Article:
Coughing is one of many side effects of spring allergies. Although there is not much you can do about the pollutants in the air, there are things you can do to soothe your scratchy throat.
In this guide, our experts provide advice on how to get rid of coughing that often pops up this time of year. Read on for other tips to help recover from the symptoms of spring allergies.
What Causes Cough During Spring Allergies?
Common causes of cough range from irritants and allergens like dust, smoke, perfumes, pollen, and pet dander to certain medicines, such as angiotensin enzyme (ACE) inhibitors or heart medication for high blood pressure. This occurs due to the accumulation of a protein called bradykinin, which causes a coughing trigger in the lungs.
On the other hand, more chronic cases of cough are due to asthma, chronic obstructive pulmonary disease (COPD), gastroesophageal reflux disease (GERD), throat disorders, and other lung ailments.
Medical conditions can bring about cough as well. For instance, a cold, the flu, acute bronchitis, sinusitis, pertussis or whooping cough, and pneumonia.
You can find relief from mild cough by drinking more water. It’s also important to stop smoking and avoid allergens that trigger a cough. In terms of medication, doctors usually prescribe medicine according to what is causing the cough. If it’s an infection, antibiotics or antivirals can work. For other illnesses like GERD, the prescription may include a proton pump inhibitor.
If your cough does not go away and is accompanied by symptoms like wheezing, fever, chills, or yellow, green, or bloody phlegm, contact your healthcare provider immediately.
Cough Treatments For Spring Allergies
Traditional Chinese Medicine (TCM) believes that lungs are susceptible to external pathogens like cold, Fire, heat, Wind, dampness, and dryness. The most significant cause of a cough is the Wind pathogen. It can also act in concert with other pathogens and present as bouts of cough with unique characteristics.
Usually, TCM practitioners will prescribe suitable treatment options for a cough by looking at your symptoms and body constitution. The general rule of thumb is to restore balance in the body by addressing deficiencies and removing excesses.
TCM Cough Medicine
Multiple trials have found that Chinese cough medicine has a potentially positive clinical effect on coughs. The use of Chinese cough syrup and similar formulations treated the main cough symptoms whilst showing no adverse side effects whatsoever.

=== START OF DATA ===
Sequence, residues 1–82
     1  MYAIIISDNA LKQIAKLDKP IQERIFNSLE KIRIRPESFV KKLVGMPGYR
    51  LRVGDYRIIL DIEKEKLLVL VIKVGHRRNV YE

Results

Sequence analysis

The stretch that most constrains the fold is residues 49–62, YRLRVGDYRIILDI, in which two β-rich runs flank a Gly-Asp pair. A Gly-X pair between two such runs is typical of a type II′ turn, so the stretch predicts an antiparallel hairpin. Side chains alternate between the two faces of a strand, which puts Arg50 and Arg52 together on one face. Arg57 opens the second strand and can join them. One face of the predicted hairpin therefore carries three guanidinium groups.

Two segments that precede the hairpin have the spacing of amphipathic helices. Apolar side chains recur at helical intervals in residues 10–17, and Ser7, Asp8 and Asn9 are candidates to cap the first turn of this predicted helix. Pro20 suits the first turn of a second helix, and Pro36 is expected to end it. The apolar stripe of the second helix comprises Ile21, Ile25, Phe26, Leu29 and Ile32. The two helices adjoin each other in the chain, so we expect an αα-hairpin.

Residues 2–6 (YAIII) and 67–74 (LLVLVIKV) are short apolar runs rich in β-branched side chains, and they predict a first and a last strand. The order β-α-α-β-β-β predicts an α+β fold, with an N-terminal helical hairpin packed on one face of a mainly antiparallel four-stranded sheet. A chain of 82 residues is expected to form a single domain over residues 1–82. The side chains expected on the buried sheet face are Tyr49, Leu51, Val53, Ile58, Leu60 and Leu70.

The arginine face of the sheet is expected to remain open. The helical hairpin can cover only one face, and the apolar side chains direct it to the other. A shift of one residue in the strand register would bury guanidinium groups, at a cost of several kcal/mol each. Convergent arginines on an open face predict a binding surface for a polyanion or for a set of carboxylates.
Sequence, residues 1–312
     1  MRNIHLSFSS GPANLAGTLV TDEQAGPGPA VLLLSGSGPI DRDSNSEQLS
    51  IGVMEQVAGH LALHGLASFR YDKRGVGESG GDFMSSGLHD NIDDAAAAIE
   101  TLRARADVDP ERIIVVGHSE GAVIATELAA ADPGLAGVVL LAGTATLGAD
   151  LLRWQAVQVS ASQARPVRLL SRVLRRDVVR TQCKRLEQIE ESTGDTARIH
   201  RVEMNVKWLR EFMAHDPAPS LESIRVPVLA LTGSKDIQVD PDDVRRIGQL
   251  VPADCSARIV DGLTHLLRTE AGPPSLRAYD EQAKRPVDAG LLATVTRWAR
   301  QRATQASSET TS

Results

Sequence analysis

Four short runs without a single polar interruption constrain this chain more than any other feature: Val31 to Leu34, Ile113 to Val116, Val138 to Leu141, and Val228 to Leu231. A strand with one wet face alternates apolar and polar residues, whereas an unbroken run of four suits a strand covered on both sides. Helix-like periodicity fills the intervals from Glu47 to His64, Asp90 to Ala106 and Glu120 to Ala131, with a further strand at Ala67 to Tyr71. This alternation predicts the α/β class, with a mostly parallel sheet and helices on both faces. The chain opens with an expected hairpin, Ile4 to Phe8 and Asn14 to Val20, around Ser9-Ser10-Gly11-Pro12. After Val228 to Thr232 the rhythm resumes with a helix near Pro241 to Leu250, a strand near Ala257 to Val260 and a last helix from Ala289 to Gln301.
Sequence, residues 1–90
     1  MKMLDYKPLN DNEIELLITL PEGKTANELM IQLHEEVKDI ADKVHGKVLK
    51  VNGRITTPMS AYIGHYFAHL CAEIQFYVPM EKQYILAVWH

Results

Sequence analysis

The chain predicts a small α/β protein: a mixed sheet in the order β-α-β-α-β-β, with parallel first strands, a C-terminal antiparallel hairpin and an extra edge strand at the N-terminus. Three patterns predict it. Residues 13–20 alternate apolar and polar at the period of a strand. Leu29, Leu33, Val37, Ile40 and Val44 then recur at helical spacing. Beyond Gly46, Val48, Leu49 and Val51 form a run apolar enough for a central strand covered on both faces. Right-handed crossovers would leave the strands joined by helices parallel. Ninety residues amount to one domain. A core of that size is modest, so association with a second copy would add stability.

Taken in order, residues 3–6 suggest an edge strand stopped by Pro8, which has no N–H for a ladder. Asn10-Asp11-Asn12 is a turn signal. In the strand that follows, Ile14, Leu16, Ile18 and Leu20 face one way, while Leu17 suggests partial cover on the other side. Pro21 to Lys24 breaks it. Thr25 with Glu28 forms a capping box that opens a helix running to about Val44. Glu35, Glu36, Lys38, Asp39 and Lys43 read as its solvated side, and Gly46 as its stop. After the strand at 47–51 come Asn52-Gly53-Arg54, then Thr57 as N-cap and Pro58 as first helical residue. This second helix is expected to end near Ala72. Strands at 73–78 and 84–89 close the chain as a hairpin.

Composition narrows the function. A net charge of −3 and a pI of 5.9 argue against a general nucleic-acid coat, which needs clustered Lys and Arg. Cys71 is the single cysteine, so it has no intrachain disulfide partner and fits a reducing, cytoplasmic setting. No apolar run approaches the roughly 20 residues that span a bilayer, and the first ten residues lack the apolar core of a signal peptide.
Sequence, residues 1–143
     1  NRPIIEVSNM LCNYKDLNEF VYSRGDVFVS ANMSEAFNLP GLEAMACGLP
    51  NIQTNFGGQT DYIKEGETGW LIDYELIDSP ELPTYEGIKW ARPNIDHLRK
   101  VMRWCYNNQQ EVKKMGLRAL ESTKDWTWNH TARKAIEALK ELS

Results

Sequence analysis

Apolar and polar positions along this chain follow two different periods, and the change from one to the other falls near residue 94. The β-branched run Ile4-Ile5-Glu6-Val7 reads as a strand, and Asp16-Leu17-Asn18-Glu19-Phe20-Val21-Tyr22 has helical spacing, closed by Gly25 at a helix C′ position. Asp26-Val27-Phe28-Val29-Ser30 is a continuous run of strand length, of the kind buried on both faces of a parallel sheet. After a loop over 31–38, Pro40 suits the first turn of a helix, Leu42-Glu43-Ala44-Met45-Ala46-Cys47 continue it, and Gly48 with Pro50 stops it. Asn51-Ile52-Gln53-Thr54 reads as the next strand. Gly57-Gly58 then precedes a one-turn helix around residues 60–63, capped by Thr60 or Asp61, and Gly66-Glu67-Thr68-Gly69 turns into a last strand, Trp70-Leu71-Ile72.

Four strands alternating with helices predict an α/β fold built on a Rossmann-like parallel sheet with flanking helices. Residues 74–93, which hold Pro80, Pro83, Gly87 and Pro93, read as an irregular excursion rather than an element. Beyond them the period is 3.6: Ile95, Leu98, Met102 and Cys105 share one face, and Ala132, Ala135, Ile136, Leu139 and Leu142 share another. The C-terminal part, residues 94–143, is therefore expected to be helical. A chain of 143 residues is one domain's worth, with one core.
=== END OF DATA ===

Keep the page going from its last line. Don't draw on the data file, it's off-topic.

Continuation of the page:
Additionally, a 2013 study concluded that Chinese herbal medicine effectively improved core symptoms of post-infectious cough (acute cough symptoms lasting three to eight weeks), acted better, and had earlier antitussive (cough suppression) effects. The herbal medicine was considered safe without any side effects.
In another 2013 clinical study, results found that Chinese medicine treatments could ease and improve the syndrome of cough variant asthma.
Herbal ingredients can be prepared in various ways to support the treatment of cough. For example:
- Peppermint, burdock seeds, chrysanthemum flowers, and white mulberry leaves can remedy a Wind-heat cough.
- Cordyceps, ginseng, Codonopsis root, and lily bulbs can help nourish and strengthen the lungs.
- Adults and children can also use a pill containing a collection of herbal extracts to strengthen the body and improve cough symptoms. Specifically, this product — Kang Du Bu Fei Pills — was the brainchild of a 2003 collaboration between Eu Yan Sang Hong Kong and the Chinese University of Hong Kong to prevent severe acute respiratory syndrome (SARS) infection. It’s mainly derived from two classical formulas — Sang Ju Yin and Yu Ping Feng San – and contains ingredients like chrysanthemum, licorice, apricot kernel, astragalus root, mulberry leaves, and weeping forsythia.
Stimulating acupressure points can also help relieve the accompanying symptoms of a cough. For example, the Lian Quan (RN/CV 23) or Zhao Hai (KI 6) acupoints aid with soothing a dry throat.
There are no shortcuts to preventing a cough. While the consumption of Chinese cough medicine or herbal formulations can help to speed up the recovery process, the best way to keep it at bay is a healthy diet and lifestyle.
This is an adaptation of an article, “Soothing a Cough with TCM,” which first appeared on Eu Yan Sang website.
- Cleveland Clinic. 2018. Cough.
- 2013. Chinese Herbal Medicine for Postinfectious Cough: A Systematic Review of Randomized Controlled Trials.
- National Library of Medicine. 2013. Clinical study on treatment of cough variant asthma by Chinese medicine.
- Hong Kong Med J Volume 17 No 1 Supplement. 2011. Immunomodulatory activities of the herbal formula Kwan Du Bu Fei Dang in healthy subjects: a randomized, double-blind, placebo-controlled study.
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